HarvardCaseReport: Intracapsular hemorrhage in the setting o
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An 84-year-old man was referred for evaluation of decreased vision in the left eye of 3 days’ duration. His current medications included warfarin for paroxysmal atrial fibrillation, with a therapeutic international normalized ratio (INR) of 2.5, managed by an anticoagulation clinic. Past ocular history included pseudoexfoliative glaucoma and vitelliform macular dystrophy in both eyes. His past ocular surgical history included trabeculectomy in the left eye and uneventful cataract extraction with implantation of a one-piece intraocular lens (IOL) in the bag in both eyes at an outside clinic approximately 6 years prior. He denied a history of trauma to either eye.

On examination, corrected visual acuity was 20/30 in the right eye and hand motions in the left eye, decreased from his baseline visual acuity of 20/200. Intraocular pressure (IOP) was 16 mm Hg in the right eye and 8 mm Hg in the left eye. Examination of the right eye showed a well-positioned posterior chamber IOL in the bag with pseudoexfoliative material at the pupillary border, cup-to-disc ratio of 0.6, and a subfoveal vitelliform lesion. Examination of the left eye revealed a healthy bleb located in the superonasal conjunctiva, without evidence of a leak or blebitis. The anterior chamber showed 4+ red blood cells (RBCs), with a 2 mm layered hyphema obscuring a view of the posterior pole. B-scan ultrasonography revealed vitreous syneresis with intact retina. The patient was started on topical prednisolone 4 times daily and atropine twice daily.

He returned after 1 week with resolution of the hyphema but residual RBCs in the anterior chamber. His examination was most notable for settled hemorrhage between the IOL and posterior capsule (Figure 1). There was no evidence of iris transillumination defects or neovascularization. Pseudoexfoliative material on the anterior capsule, iridodonesis, and pseudophacodonesis were all noted. The posterior pole could be visualized. The cup-to-disc ratio was 0.9, and there was a subfoveal vitelliform lesion, with no evidence of posterior segment neovascularization. On gonioscopy, the angle was open, with heavily pigmented trabecular meshwork but without neovascularization of the angle. At this time, the exact etiology of his hyphema was unknown.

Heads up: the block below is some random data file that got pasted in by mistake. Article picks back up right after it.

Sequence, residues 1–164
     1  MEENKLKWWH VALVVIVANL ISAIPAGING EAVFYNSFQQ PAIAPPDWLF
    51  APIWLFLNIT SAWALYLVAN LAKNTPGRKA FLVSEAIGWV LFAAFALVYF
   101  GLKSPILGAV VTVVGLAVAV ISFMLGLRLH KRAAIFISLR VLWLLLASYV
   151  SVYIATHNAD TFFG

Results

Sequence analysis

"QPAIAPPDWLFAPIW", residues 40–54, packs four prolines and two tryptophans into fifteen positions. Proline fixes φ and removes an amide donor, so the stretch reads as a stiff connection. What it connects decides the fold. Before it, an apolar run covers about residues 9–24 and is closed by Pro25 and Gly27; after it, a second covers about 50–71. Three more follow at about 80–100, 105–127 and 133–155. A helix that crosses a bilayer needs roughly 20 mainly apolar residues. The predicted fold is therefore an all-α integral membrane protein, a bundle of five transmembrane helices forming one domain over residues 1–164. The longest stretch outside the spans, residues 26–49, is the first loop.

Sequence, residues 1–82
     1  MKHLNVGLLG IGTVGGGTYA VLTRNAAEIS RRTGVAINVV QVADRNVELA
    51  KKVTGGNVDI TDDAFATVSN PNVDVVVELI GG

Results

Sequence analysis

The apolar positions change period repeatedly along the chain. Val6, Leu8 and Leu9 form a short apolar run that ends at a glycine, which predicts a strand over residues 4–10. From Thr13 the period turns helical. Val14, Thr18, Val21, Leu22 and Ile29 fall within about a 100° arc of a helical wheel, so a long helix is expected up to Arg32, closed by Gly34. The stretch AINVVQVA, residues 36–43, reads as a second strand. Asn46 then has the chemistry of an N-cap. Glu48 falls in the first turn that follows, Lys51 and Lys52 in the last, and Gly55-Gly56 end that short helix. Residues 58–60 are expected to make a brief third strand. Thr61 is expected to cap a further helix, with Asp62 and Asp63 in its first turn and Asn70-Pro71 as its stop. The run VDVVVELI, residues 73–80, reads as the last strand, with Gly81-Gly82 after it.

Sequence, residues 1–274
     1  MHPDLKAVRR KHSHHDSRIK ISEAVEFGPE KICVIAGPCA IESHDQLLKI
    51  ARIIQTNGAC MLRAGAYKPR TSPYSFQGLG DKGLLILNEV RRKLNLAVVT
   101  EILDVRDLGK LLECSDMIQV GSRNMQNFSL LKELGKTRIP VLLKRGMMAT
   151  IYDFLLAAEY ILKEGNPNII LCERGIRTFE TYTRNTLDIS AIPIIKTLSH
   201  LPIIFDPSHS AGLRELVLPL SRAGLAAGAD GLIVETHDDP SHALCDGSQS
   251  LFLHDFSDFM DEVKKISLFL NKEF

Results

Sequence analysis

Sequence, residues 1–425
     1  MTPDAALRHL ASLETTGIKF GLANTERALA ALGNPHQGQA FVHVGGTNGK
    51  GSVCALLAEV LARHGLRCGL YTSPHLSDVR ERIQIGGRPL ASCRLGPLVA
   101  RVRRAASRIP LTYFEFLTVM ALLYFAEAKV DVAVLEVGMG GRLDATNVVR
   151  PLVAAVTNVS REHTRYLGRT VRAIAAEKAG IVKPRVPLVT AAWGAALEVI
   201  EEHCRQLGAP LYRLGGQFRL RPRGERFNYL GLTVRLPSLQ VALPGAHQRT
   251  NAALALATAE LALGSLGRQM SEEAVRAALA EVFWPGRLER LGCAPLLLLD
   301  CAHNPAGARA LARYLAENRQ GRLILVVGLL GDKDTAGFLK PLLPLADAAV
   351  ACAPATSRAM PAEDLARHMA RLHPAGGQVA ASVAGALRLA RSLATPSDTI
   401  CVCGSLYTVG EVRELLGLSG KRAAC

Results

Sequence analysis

Three years after the initial presentation, the right eye developed a spontaneous hyphema. The IOL appeared stable and in a good position, and no other abnormal examination findings were identified, including iris transillumination defects. His INR remained in therapeutic range of 2.8. Fluorescein angiography of the anterior segment of both eyes confirmed no iris neovascularization or arteriovenous malformation.

Source: http://www.djo.harvard.edu/site.php?url=/physicians/cr/4387
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